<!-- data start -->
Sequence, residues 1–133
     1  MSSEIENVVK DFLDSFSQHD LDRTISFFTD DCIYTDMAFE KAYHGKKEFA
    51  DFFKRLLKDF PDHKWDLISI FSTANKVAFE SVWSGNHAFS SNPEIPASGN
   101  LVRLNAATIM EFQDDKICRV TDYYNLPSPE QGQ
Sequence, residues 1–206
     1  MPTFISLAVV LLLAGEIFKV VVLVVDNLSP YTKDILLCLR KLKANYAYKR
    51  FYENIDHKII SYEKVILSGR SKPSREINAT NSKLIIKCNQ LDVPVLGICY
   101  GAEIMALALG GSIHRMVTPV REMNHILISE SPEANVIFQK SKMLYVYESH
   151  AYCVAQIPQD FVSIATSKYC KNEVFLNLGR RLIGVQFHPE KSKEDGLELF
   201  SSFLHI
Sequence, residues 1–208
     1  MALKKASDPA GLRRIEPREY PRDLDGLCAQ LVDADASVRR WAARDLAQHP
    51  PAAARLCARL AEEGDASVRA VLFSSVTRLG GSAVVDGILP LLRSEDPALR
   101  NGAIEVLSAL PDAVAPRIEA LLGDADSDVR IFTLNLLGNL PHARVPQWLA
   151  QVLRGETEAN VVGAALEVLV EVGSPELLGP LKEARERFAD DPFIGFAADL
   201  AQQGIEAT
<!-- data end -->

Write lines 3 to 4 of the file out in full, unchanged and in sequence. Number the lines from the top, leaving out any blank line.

    51  DFFKRLLKDF PDHKWDLISI FSTANKVAFE SVWSGNHAFS SNPEIPASGN
   101  LVRLNAATIM EFQDDKICRV TDYYNLPSPE QGQ